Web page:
One of my critics, Michael Brass, proposed in his book Antiquity of Man (2002, pp. 46-47) that the figurine would have been destroyed by the drilling. But Brass neglected to carefully study the reports about the discovery of the Nampa image that I provided in my book Forbidden Archaeology (pp. 802-805). This is typical of the sloppy work done by skeptical debunkers, who are skeptical about everything except the theory of evolution. G. F. Wright noted in his book (p. 270): “The drill was not used after penetrating the lava deposits near the surface, but the tube was driven down, and the included material brought out from time to time by use of a sand pump.” Wright also noted that the sand pump “brought up numerous clay balls, some of them more than two inches in diameter.” These were larger than the figurine. So it is a false assertion that the drilling in this case would have destroyed the figurine if it really came up from the 300 foot level. Brass proposed that the figurine must have been tossed into the well from the top, but Wright sh-owed that if an object had been thrown in from the top, the sand pump would have destroyed it. Only if it had been sucked up from below would it have come out undamaged.
As often happens in cases like this, there was a report that someone had carried out a hoax. A Mr. McGee said that a famous geologist came to the area right after the find. According to McGee, the finders showed the figure to the unnamed geologist, and the geologist allegedly recognized it as a doll of the kind made by local Indians. One of the finders supposedly admitted the discovery was a hoax and supposedly said to the geologist, “Don’t give me away; I’ve fooled a lot of fellows already, and I’d like to fool some more.” Upon investigating the story, Wright found that the geologist was Major John Wesley Powell, of the U.S. Geological Survey. Powell wrote to Wright, saying that he had seen the figurine, but did not say that the men who showed it to him said they had hoaxed the discovery. This is recorded by Wright in the second edition of his book Man and the Glacial Period (1894, pp. xix-xx).
The discovery of the Nampa image came to the attention of William H. Holmes, an anthropologist at the Smithsonian Institution in Washington. Holmes was a supporter of the Darwinian theory of evolution. In his Handbook of Aboriginal American Antiquities (1919, p. 70) Holmes wrote that “the apparent improbability of the occurrence of a well modeled human figure in deposits of such great antiquity has led to grave doubts about its authenticity.” This is how what I have called the knowledge filtering process works in the world of science. Evidence that contradicts evolutionary preconceptions about the antiquity of the human species is often rejected, just for that reason alone.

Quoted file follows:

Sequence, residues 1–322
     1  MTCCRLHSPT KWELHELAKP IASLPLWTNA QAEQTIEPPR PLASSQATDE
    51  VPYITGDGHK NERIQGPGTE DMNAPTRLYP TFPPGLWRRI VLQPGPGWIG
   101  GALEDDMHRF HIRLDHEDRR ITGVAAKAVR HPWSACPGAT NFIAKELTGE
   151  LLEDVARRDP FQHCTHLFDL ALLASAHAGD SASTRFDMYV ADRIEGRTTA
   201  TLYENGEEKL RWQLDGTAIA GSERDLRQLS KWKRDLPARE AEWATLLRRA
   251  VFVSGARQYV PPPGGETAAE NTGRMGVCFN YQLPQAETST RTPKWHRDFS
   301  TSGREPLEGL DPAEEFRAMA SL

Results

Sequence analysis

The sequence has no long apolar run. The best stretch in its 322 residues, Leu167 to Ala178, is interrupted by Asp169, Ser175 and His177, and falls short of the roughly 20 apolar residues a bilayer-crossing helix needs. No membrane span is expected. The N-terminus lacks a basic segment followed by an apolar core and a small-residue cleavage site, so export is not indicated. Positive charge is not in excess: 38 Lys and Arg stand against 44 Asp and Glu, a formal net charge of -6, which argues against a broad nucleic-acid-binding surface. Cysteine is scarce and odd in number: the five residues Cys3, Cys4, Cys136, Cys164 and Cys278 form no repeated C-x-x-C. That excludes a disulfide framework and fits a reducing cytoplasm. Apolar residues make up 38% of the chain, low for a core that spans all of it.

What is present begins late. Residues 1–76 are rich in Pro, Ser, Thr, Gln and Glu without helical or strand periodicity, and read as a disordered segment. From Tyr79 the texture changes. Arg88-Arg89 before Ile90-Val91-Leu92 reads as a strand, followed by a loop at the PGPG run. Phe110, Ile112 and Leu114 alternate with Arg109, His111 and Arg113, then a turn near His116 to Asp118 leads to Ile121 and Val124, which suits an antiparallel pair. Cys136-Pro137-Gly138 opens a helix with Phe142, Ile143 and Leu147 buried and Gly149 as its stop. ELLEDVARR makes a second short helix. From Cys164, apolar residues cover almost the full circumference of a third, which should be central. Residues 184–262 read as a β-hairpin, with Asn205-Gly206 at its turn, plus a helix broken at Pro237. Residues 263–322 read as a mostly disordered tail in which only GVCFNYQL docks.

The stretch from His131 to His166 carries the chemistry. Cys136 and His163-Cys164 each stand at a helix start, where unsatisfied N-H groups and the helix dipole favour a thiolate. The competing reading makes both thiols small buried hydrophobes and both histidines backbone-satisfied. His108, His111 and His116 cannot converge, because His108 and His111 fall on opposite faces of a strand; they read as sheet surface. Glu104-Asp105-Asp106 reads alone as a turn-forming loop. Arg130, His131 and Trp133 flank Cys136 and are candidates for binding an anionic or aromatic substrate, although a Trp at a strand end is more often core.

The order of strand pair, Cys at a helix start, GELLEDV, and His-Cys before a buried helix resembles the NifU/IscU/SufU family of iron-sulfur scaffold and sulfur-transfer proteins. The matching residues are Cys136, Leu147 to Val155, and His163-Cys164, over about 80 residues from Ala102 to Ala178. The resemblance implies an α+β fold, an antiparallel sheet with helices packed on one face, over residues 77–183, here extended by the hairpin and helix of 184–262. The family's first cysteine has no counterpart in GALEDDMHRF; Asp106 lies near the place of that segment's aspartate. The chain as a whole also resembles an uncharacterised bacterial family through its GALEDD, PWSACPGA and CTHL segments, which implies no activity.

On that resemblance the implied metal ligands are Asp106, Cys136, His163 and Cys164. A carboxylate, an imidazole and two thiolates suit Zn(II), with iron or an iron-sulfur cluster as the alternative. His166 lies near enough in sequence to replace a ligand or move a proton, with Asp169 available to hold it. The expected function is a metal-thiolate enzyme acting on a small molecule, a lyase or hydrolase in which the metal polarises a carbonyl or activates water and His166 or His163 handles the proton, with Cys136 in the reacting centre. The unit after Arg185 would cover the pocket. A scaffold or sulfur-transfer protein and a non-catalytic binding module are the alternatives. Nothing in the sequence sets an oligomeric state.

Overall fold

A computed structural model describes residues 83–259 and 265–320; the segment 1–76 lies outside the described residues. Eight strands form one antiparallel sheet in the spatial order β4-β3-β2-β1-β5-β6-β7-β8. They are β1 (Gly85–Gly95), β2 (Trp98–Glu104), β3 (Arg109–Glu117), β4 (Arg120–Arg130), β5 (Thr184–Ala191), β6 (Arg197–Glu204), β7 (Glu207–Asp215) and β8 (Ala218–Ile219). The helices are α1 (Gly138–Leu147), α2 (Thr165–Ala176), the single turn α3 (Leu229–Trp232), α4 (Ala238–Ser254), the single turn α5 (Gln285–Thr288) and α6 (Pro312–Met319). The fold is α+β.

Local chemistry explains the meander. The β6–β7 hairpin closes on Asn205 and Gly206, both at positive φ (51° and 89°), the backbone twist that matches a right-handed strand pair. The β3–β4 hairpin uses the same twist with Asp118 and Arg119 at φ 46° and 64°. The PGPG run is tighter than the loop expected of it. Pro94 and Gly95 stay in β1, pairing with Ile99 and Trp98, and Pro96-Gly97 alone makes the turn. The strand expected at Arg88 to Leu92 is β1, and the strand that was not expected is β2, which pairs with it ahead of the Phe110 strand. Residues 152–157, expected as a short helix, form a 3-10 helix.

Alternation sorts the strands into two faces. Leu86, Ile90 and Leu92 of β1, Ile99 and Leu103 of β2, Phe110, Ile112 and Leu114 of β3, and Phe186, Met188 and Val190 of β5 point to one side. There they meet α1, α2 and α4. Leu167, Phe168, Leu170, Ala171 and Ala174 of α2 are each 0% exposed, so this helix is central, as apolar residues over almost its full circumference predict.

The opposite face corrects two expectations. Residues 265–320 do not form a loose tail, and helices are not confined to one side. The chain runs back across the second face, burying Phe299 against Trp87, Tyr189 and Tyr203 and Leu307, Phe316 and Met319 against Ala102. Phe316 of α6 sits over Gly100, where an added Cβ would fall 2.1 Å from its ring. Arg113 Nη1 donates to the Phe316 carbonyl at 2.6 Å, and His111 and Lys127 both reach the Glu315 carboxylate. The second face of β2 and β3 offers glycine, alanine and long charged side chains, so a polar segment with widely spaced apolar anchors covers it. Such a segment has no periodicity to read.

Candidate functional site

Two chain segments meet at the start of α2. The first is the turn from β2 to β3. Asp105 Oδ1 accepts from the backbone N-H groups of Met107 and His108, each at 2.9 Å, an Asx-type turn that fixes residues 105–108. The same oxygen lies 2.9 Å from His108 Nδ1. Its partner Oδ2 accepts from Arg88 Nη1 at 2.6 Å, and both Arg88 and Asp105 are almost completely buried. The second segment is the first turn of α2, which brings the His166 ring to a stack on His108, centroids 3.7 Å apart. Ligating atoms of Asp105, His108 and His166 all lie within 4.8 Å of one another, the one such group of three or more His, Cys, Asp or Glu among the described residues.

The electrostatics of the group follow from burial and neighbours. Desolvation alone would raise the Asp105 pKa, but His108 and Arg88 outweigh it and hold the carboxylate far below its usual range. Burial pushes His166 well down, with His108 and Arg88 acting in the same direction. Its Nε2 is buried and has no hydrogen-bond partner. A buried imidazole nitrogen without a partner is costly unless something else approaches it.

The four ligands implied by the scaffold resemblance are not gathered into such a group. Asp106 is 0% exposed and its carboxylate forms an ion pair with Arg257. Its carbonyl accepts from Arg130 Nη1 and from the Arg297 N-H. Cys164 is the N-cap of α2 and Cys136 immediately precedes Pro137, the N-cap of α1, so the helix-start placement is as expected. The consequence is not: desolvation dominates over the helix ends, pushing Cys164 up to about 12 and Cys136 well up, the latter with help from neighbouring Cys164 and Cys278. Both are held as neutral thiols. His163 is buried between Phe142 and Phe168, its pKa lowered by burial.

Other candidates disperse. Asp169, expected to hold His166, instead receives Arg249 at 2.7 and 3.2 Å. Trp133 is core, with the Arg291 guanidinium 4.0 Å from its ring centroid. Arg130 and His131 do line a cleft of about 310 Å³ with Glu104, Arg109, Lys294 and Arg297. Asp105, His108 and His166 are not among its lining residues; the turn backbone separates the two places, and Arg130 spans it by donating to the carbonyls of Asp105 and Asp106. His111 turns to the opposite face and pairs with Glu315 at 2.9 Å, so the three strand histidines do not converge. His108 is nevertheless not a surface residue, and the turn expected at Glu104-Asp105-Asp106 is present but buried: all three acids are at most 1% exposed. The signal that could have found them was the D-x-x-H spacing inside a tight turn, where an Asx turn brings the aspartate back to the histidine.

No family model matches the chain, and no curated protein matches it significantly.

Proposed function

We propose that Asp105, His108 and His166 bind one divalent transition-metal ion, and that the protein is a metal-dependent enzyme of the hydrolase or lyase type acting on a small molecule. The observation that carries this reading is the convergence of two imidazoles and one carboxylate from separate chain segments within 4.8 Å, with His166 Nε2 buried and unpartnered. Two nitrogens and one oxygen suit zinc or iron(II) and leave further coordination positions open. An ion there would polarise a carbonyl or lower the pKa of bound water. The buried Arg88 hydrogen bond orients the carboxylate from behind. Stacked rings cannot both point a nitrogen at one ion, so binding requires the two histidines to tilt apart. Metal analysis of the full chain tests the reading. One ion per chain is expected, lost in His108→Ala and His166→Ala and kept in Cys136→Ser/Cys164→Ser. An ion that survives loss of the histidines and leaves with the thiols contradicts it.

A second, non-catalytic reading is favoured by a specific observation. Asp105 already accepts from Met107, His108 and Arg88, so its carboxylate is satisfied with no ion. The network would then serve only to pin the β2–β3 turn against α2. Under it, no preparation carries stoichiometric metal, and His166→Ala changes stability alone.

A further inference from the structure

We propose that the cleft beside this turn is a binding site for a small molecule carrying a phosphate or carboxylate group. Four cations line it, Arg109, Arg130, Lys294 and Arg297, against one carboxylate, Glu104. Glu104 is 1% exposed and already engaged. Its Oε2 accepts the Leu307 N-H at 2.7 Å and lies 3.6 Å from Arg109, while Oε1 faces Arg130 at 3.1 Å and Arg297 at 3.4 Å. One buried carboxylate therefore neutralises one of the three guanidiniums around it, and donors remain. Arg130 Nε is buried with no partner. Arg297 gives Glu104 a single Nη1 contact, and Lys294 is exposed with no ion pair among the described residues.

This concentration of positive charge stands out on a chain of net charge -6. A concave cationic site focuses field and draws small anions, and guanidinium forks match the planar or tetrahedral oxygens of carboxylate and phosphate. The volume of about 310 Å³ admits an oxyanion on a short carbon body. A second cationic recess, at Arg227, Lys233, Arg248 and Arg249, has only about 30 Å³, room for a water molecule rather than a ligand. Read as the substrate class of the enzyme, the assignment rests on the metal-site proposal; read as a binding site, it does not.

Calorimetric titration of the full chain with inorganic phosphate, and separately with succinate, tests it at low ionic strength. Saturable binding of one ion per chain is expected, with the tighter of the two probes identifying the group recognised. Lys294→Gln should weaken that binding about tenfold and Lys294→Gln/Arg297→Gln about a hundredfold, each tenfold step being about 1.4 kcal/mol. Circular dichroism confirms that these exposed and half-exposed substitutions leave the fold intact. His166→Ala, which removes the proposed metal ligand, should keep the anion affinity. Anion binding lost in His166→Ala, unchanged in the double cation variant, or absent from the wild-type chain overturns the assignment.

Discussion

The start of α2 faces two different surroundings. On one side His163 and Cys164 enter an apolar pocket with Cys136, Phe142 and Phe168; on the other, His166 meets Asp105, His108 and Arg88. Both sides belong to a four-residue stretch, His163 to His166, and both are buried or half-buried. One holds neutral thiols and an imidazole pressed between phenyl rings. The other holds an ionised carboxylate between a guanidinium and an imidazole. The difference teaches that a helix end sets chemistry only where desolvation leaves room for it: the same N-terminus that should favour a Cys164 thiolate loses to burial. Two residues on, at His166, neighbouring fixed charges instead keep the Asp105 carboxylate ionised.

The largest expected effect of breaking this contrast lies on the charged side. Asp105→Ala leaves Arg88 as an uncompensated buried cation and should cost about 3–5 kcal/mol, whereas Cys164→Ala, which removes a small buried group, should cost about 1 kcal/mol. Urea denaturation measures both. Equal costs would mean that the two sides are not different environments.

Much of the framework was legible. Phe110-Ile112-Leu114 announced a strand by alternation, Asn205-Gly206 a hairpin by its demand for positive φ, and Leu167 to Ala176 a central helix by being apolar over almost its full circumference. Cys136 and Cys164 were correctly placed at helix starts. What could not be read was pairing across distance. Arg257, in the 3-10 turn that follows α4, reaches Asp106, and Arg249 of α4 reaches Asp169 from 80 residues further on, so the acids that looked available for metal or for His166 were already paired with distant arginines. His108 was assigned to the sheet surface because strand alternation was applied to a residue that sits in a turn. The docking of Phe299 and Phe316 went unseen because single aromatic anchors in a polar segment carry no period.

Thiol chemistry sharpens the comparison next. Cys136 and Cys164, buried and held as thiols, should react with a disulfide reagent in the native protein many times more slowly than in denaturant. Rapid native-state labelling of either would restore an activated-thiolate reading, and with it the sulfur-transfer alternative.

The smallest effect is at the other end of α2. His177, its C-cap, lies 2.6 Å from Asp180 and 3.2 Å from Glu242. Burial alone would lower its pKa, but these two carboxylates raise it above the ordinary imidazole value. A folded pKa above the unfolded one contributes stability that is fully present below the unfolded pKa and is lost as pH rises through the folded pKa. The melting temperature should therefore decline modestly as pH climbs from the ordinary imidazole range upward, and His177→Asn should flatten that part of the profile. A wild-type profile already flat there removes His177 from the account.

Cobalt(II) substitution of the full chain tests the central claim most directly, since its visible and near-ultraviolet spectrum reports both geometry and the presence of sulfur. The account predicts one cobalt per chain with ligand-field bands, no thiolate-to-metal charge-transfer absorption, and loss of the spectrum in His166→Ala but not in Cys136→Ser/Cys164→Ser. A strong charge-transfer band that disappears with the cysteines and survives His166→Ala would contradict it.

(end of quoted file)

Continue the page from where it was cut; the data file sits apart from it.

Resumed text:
Of course, once such a discovery has been rejected on theoretical grounds, scientists will often go to great lengths to make up some story in order to explain it away. Holmes was no exception. Rather than repeating the by-then discredited hoax story, he wrote (p. 70): “It is not impossible that an object of this character could have descended from the surface through some crevice or water course penetrating the lava beds and have been carried through deposits of creeping quicksand aided by underground waters to the spot tapped by the drill.” Such powers of imagination! But offering such speculative tales cannot be taken as serious scientific explanations. If Holmes could have demonstrated that he could in that area find some place where he could drop a figurine and have it go down 300 feet into the ground by some natural pathway through a 15-foot layer of basalt, and further down to the 300-foot level, that might constitute some real evidence in support of his fantastic idea. But no such evidence was provided. We also have to take into account the testimony of Dr. Putnam and Dr. Jewett that the object was of considerable antiquity.
Another reason why it is extremely unlikely that the figurine could have been a recent artifact that worked its way down from the surface in recent years is given by Holmes himself (p. 70): “Forms of art closely analogous to this figure are far to seek, neither the Pacific slope on the west nor the Pueblo region on the south furnishing modeled images of the human figure of this character or of equal artistic merit.” This contradicts speculations by some, such as geologists D. G. Brinton and John Wesley Powell, that the figurine must have been a doll made by local Indians (Science 1892, vol. 20, p. 249).
What we have here is a quite credible case of archaeological evidence for extreme human antiquity. Today the Nampa image is kept in storage at the Idaho State Historical Society in Boise, Idaho.
Michael A. Cremo is author, with Richard Thompson, of the underground classic Forbidden Archaeology: The Hidden History of the Human Race. His latest book is Human Devolution: A Vedic Alternative to Darwin’s Theory (see www.humandevolution.com).